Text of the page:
Rooney was goaded mercilessly by West Ham's fans, in the same way that he is at many grounds. In that respect his response, although not to be encouraged, was not surprising. Had he used the same language towards the West Ham supporters, rather than the television viewers, there would have been no need to apologise at all. Those who provoked him deserved what they get. The rest of us have to accept that attending a football match means you will get caught in the crossfire.

What is it about certain fans that they feel they have a right to abuse players in the most extreme terms and then act so self-righteously when the abuse is returned? After his hat-trick all that Rooney did to the home support was turn and wave cheerily towards the corner of the ground, where the Doc Martens and Trevor Brooking Stands met. The response to that alone was so aggressive you might have thought he had desecrated the 1966 statue on Barking Road.

Another key player in this drama is the Sky Sports cameraman who haunts the touchline with the aim of capturing close-up shots of the emotions of the players. As Rooney prepared to take the penalty for his third goal, the cameraman positioned himself to the right of the goal, in front of the away fans, because experience told him that is where Rooney would go if he scored.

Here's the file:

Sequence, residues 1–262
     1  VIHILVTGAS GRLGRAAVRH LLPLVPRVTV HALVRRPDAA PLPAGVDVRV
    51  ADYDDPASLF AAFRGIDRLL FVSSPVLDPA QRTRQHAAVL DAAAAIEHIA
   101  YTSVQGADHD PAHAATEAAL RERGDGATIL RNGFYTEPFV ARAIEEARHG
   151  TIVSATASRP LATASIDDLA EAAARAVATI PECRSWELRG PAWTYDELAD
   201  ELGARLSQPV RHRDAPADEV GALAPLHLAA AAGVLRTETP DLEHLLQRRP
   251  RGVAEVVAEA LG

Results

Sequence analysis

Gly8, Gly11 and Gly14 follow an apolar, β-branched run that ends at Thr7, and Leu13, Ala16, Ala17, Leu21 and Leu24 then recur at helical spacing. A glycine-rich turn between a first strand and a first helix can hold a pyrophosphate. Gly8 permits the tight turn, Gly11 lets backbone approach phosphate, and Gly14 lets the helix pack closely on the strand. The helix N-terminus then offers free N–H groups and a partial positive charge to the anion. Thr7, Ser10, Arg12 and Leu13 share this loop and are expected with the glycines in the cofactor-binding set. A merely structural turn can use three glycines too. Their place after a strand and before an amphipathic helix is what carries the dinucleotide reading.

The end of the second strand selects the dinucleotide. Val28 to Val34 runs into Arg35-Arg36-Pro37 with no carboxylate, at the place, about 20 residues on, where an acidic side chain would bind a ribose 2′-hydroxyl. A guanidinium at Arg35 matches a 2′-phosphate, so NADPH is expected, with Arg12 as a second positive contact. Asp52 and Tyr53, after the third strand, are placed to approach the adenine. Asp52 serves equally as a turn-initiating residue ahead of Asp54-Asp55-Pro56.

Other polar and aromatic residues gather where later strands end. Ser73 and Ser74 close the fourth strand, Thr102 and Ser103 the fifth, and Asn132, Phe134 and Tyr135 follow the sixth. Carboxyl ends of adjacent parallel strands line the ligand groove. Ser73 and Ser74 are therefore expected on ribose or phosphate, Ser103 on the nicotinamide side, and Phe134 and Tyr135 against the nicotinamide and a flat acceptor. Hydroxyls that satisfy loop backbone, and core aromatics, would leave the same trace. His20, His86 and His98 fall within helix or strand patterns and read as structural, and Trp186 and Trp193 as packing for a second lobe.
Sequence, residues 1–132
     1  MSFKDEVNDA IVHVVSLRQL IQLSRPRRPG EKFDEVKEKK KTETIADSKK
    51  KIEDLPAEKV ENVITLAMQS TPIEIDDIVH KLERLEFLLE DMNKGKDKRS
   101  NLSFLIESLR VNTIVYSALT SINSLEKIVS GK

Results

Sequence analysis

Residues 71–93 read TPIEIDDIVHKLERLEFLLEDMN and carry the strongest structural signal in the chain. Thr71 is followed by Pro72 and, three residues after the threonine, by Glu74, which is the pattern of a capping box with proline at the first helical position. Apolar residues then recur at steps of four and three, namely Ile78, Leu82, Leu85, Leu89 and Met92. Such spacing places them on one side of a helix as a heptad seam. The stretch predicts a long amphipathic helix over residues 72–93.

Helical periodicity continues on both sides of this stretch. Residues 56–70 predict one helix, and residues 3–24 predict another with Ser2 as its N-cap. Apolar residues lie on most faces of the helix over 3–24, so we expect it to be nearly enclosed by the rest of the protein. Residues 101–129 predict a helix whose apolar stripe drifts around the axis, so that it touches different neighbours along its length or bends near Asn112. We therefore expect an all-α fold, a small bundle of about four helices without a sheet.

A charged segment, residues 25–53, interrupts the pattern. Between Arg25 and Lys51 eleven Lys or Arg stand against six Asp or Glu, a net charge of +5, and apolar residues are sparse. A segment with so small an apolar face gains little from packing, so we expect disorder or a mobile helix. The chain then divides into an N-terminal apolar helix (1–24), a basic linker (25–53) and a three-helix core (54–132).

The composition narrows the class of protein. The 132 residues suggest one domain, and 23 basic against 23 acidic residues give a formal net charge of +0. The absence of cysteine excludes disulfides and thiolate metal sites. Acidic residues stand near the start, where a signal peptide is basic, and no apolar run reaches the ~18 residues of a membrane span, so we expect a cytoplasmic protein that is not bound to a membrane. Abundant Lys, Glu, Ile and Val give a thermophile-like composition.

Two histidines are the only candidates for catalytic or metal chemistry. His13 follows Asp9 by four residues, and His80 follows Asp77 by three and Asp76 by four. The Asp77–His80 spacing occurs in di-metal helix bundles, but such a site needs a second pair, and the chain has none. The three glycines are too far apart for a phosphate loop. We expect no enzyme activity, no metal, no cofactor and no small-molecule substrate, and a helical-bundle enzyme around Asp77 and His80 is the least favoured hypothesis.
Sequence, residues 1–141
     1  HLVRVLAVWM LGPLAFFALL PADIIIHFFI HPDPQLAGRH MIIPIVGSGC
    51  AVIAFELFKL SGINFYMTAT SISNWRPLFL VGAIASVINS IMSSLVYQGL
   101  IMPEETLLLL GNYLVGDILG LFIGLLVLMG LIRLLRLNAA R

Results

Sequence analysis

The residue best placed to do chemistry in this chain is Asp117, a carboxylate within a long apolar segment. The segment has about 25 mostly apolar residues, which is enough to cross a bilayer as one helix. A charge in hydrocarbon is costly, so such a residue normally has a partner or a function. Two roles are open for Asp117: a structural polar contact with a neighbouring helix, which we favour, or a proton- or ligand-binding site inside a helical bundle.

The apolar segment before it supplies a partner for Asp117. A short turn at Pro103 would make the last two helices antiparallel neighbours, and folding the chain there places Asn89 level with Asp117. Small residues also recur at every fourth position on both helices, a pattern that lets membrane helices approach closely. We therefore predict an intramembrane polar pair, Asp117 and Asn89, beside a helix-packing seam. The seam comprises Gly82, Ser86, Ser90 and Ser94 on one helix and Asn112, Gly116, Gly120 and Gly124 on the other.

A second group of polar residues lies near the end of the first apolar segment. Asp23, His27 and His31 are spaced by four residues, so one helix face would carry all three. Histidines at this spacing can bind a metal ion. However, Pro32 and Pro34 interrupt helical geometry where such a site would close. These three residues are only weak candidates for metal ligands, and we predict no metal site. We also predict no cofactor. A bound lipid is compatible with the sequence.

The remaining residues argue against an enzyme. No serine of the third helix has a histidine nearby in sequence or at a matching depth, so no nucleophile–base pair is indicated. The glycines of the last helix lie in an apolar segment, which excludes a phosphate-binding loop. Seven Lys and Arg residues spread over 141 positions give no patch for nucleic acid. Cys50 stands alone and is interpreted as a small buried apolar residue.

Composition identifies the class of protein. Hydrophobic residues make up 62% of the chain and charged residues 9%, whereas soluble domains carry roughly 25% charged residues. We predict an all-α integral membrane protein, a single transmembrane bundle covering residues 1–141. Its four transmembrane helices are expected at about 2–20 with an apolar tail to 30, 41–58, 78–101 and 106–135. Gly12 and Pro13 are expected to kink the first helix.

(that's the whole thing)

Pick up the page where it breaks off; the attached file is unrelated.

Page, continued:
The Sky pitch-side camera is – one supposes – another innovation that makes the game more exciting to watch for those at home. There is a new trend, started by Steven Gerrard, for running straight at it and planting a kiss on the lens to celebrate goals. Mark Noble did so after his first penalty for West Ham on Saturday. It is becoming a focus for celebrations.

But if Sky are going to thrust their camera into the face of a player just seconds after he has singlehandedly led his team back from two goals down, all the time being subjected to abuse about his family, would you not say that there is the chance that something a little ripe might be uttered into the oh-so-sensitive living rooms and saloon bars of the nation?

We cannot have football both ways. We cannot have the raw, edginess of a player like Rooney in a hostile atmosphere and pumped up with adrenaline and then at the same time expect him and every other player to behave like they are taking tea on the lawns of Brasenose College in 1923.